Caves are unique geological formations. Stalactites and stalagmites form very slowly over thousands of years through a rather simple process that all begins with dripping water. In fact, a stalactite or stalagmite grows only less than one inch each every 100 years.
Many caves are made of limestone, a rock that is easily dissolved. Since caves are usually found underground, rainwater constantly drips down through the roof of the cave. Minerals from the limestone are dissolved into the water. The mineral that is dissolved by the dripping water is called calcium carbonate, also known as calcite. As the water trickles down from the ceiling of a cave, it drips ever so slowly. Once the water hits the air inside the cave, the water evaporates and the calcite in the water hardens. This result is deposits of rock in the shape of a stalactite or stalagmite -stalactites, being the icicle-like formations that hang from a cave ceiling and stalagmites being the cone shapes that pile up on the cave floor. This process is called deposition, which comes from the word "deposit" meaning "to build up". If the deposition remains undamaged for long enough, the stalactite and stalagmite will touch and a column will form. The limestone rock of the cave, with the help of rainwater, has dissolved and hardened into a fascinating new shape!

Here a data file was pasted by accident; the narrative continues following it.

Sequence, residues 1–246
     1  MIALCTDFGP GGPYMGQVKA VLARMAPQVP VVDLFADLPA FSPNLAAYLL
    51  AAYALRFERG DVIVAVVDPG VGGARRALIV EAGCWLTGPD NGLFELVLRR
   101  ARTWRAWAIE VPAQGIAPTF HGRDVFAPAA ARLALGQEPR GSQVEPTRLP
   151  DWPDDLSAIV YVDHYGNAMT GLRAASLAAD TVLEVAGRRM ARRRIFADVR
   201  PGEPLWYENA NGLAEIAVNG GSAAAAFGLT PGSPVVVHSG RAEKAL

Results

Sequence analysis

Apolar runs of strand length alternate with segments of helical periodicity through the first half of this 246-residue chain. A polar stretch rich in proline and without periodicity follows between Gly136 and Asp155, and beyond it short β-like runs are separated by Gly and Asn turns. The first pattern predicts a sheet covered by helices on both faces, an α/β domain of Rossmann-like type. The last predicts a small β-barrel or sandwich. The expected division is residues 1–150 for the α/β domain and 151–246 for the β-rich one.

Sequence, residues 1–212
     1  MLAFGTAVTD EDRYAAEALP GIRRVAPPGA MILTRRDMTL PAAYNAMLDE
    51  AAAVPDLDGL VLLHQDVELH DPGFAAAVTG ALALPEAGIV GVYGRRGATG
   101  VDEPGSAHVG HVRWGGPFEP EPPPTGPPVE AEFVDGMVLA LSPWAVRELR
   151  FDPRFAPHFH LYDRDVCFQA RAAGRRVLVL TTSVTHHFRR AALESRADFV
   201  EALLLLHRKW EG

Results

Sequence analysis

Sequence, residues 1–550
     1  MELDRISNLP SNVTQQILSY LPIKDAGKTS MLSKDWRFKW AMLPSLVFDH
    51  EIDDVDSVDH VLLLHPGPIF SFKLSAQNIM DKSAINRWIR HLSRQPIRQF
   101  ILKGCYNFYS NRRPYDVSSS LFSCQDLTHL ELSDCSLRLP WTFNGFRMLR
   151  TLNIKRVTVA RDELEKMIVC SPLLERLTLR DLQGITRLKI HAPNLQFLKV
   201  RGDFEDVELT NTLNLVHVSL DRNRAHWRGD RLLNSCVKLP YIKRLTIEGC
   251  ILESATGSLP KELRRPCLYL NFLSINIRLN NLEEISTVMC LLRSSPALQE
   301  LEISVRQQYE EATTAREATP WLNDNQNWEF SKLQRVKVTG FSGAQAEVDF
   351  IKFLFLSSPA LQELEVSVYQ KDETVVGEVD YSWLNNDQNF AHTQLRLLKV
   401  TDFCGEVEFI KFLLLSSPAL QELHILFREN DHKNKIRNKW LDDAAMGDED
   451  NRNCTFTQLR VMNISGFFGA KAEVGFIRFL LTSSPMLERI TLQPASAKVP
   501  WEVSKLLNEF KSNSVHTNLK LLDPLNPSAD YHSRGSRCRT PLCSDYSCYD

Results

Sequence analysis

stalactites, stalagmites, dissolve, formation, hardening, deposition, minerals, calcium carbonate, limestone
The Columbia Encyclopedia, Sixth edition. Columbia University Press (2007).
Stalactite and Stalagmite. Retrieved on November 15, 2013 from http://www.encyclopedia.com/doc/1E1-stalacti.html
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